DWORD          buf_len;
       LPVOID         buffer;
       BYTE           unkC0[0x2C];
       UNICODE_STRING module_name;
       BYTE           unkF4[0x14];

You can see there’s an awful lot of unknown parts in the structure. This causes a problem if you were to apply this to Windows 7 (which has a slightly different structure) or 64 bit (which has a different sized structure) but for our purposes it doesn’t matter. We’re not supposed to be writing code to exploit all versions of Windows, all we need to do is prove the security issue to the vendor. As long as you inform the vendor of the PoC limitations (and they pay attention to them) we can do this. The vendor’s still better placed to determine if this PoC proves exploitability across versions of the OS, it’s their product after all.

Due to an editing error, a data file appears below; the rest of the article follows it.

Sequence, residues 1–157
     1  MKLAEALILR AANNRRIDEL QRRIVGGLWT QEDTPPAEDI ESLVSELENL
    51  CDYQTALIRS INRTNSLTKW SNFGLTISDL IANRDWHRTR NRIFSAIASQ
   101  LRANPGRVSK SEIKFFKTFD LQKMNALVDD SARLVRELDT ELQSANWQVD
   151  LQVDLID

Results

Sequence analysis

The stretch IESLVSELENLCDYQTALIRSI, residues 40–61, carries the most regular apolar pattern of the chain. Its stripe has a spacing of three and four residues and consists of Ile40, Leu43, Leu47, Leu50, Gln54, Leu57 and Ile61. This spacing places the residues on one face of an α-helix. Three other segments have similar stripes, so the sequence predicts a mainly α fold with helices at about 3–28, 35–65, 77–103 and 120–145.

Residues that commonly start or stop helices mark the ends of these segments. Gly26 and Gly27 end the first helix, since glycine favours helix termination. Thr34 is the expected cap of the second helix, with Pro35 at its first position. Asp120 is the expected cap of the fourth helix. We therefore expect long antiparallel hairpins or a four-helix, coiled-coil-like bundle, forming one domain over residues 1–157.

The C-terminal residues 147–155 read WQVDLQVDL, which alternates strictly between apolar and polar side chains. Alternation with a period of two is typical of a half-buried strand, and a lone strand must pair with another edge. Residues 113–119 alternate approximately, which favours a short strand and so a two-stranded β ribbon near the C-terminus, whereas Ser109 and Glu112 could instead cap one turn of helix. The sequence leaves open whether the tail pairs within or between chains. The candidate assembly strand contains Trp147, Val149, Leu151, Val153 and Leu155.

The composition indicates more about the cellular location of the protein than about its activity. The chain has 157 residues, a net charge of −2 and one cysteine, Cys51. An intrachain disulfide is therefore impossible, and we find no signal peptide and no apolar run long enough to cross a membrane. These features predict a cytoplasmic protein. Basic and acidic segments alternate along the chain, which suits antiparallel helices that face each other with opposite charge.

So I could now add an arbitrary cached entry but what can we actually add? I could only add an entry which would have been the result of an existing lookup. You could modify the database to do something like patch running code (the application compatibility system is also used for hotfixes) but that would require administrator privileges. So I needed an existing shim to repurpose.

I built a copy of the SDB explorer tool (available from here) so that I could dump the existing database looking for any useful existing shim. I found that for 32 bit there’s a shim which will cause a process to start the executable regsvr32.exe passing the original command line. This tool will load a DLL passed on the command line and execute specific exported methods, if we could control the command line of a privileged process we could redirect it and elevate privileges.